Constantine VII Porphyrogennetos or Porphyrogenitus, "the Purple-born" (Greek: Κωνσταντίνος Ζ΄ Πορφυρογέννητος, Kōnstantinos VII Porphyrogennētos), (Constantinople, 905 – November 9, 959 in Constantinople) was the son of the Byzantine emperor Leo VI and his fourth wife Zoe Karvounopsina. He was also the nephew of the Emperor Alexander. He is famous for his two descriptive books, De Administrando Imperio and De Ceremoniis.
His nickname alludes to the Purple Room of the imperial palace, where legitimate children of reigning emperors were normally born. Constantine was also born in this room, although his mother Zoe had not been married to Leo at that time. Nevertheless, the epithet allowed him to underline his position as the legitimized son, as opposed to all others who claimed the throne during his lifetime.
Constantine was an illegitimate son born before an uncanonical fourth marriage. To help legitimize him, he had been born in the Purple Room of the imperial palace, and he had been associated on the throne by his father and uncle on May 15, 908. After the death of his uncle Alexander in 913, he succeeded to the throne at the age of seven, under the regency of the Patriarch Nicholas Mystikos. His regent was presently forced to make peace with Tsar Simeon of Bulgaria, whom he reluctantly recognized as Bulgarian emperor. Because of this unpopular concession, Nicholas was driven out of the regency by Constantine's mother Zoe.
Christ Crowning Constantine VII (945).
Zoe was no more successful with the Bulgarians, by whom her main supporter, the general Leo Phokas, was defeated in 917, and in 919 she was replaced by the admiral Romanos Lekapenos, who married his daughter Helena to Constantine. Romanos used his position to advance to the ranks of basileopatōr in May 919, kaisar (Caesar) in September 920, and finally co-emperor in December of the same year. Thus, just short of reaching nominal majority, Constantine was again eclipsed by a senior emperor.
Constantine's youth had been a sad one for his unpleasant appearance, his taciturn nature and his relegation at the third level of succession behind the eldest son of Romanos I Lekapenos. Nevertheless, he was a very intelligent young man with a large range of interests, and dedicated those years to study the court's ceremonial.
Romanos kept power for himself and maintained it until 944, when he was deposed by his sons Stephen and Constantine. With the help of his wife, Constantine VII succeeded in removing his brothers-in-law and on January 27, 945, Constantine VII was once again sole emperor at the age of 39, after a life spent in the shadow. Several months later, Constantine VII crowned his own son Romanos II co-emperor. Having never exercised executive authority, Constantine remained primarily devoted to his scholarly pursuits and relegated his authority to bureaucrats and generals, as well as his energetic wife Helena Lekapene.
In 949 Constantine launched a new attack against the Arab corsairs hiding in Crete, but like his father's attempt to retake the island in 911, this attempt also failed. On the Eastern frontier things went better, even if with alternate success: in 949 the Byzantines conquered Germanicea, repeatedly defeated the enemy armies and in 952 crossed the upper Euphrates. But in 953 the Arab amir Saif ad-Dawla retook Germanicea and entered the imperial territory. The land in the east was eventually recovered by Nikephoros Phokas, who conquered Hadath, in northern Syria, in 958, and by the Armenian general John Tzimiskes, who one year later captured Samosata, in northern Mesopotamia. An Arab fleet was also destroyed by Greek fire in 957. Constantine's efforts to retake themes lost to the Arabs were the first such efforts to have any real success.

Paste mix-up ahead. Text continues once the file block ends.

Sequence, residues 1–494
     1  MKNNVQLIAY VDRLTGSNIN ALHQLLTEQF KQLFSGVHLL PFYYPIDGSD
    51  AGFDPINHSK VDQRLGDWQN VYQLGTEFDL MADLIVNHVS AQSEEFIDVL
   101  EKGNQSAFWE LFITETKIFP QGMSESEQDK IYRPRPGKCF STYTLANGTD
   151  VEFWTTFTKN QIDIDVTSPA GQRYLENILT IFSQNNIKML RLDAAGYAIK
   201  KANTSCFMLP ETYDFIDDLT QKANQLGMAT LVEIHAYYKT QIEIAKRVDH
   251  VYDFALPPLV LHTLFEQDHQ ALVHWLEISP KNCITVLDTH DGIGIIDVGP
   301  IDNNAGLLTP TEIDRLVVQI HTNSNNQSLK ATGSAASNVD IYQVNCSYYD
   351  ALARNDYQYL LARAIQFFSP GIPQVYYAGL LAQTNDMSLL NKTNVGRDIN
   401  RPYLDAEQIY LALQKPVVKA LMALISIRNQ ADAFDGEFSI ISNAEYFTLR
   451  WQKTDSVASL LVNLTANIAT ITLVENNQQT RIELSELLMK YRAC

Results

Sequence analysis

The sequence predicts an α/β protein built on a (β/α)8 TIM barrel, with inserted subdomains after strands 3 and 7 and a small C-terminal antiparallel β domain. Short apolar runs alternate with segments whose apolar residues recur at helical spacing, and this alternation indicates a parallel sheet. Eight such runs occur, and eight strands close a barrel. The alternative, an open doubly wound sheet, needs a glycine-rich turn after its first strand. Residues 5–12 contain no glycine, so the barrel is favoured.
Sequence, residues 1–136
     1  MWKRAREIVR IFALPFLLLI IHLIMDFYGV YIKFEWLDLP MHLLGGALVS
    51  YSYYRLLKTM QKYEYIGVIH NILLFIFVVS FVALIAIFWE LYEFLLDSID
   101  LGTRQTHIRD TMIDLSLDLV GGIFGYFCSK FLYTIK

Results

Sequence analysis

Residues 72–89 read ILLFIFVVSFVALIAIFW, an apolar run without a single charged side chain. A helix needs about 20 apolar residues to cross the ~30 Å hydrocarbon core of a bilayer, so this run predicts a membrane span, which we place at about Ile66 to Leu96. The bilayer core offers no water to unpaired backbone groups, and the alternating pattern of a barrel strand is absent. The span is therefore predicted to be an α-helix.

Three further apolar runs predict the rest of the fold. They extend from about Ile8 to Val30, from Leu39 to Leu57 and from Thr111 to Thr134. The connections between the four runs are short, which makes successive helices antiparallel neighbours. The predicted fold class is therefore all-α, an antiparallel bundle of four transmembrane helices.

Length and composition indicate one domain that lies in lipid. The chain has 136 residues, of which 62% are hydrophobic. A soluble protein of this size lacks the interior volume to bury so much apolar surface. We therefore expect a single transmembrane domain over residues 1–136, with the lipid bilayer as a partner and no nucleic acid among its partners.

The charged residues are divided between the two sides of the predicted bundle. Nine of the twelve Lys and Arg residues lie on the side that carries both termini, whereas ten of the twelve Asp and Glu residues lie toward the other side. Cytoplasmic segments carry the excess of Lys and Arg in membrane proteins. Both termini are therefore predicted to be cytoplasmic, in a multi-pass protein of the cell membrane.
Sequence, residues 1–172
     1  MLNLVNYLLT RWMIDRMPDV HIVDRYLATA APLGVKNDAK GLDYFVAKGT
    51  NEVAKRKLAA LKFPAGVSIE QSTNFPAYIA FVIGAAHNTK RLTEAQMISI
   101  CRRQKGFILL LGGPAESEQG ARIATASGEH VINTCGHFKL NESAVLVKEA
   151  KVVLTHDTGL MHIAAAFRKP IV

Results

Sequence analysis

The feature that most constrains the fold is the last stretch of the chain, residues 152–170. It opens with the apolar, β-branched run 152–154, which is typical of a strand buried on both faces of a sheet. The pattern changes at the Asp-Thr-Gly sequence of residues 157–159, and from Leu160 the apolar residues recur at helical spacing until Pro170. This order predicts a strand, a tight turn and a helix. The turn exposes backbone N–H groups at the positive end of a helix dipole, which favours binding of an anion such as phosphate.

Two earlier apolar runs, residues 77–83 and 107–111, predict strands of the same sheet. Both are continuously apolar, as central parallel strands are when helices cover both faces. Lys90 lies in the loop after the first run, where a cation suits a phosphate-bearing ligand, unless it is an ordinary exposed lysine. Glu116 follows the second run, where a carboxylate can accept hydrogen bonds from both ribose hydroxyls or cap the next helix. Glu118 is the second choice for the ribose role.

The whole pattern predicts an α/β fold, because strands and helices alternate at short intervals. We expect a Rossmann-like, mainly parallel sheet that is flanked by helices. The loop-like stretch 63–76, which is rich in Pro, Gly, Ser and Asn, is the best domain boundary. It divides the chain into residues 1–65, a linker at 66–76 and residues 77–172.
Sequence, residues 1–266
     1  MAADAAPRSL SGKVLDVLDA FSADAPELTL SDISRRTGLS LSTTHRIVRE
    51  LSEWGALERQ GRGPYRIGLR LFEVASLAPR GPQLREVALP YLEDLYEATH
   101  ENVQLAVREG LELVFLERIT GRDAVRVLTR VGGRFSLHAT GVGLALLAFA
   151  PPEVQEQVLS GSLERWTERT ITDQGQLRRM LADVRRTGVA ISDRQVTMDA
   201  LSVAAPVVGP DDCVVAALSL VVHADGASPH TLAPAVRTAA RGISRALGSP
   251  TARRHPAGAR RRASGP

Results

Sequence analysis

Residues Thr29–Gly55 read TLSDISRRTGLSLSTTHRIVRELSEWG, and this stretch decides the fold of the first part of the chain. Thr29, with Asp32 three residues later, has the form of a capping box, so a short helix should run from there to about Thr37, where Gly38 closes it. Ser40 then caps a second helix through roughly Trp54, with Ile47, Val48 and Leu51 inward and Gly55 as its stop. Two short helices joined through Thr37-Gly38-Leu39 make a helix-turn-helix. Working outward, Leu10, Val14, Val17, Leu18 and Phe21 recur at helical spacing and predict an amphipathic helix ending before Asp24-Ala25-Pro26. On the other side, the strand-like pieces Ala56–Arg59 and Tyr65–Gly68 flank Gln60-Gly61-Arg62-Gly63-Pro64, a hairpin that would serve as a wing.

Constantine had intense diplomatic relationships with foreign courts, including the caliph of Cordoba Abd ar-Rahman III and Otto I, King of Germany. In the autumn of 957 Constantine was visited by Olga, princess of the Kievan Rus'. The reasons for this voyage have never been clarified: in any case, she was baptised with the name Helena, and began to convert her people to Christianity.
Constantine VII died in November 959 and was succeeded by his son Romanos II. It was rumored that Constantine had been poisoned by his son or his daughter-in-law Theophano.
Although he was a satisfactory emperor, Constantine is more renowned for his abilities as a writer and scholar. He wrote, or had others write in his name, the works De cerimoniis aulae byzantinae ("On Ceremonies"), describing the kinds of court ceremonies also described later in a more negative light by Liutprand of Cremona; De Administrando Imperio ("On the Administration of the Empire"), giving advice on running the empire internally and also how to fight external enemies; and a history of the Empire covering events following the death of the chronographer Theophanes the Confessor in 817. Though these books are not as insightful as Constantine believed them to be, they nevertheless are a most useful source of information about nations neighbouring with Byzantium, and a good insight into the Emperor himself. Constantine was a great collector of books, manuscripts and art works in general, and was indeed a good painter.
By his wife Helena Lekapene, the daughter of Emperor Romanos I, Constantine VII had several children, including:
- Runciman, Steven. The Emperor Romanus Lecapenus and his Reign. Cambridge: University Press, 1990. (Originally published 1929.) ISBN 0-521-35722-5
- Toynbee, Arnold. Constantine Porphyrogenitus and his world. Oxford, 1973. ISBN 0-19-215253-X. 768pp.
Preceded by: Romanus I
Byzantine Emperor 945–959
Succeeded by: Romanus II
Medieval Greece / Byzantine Empire
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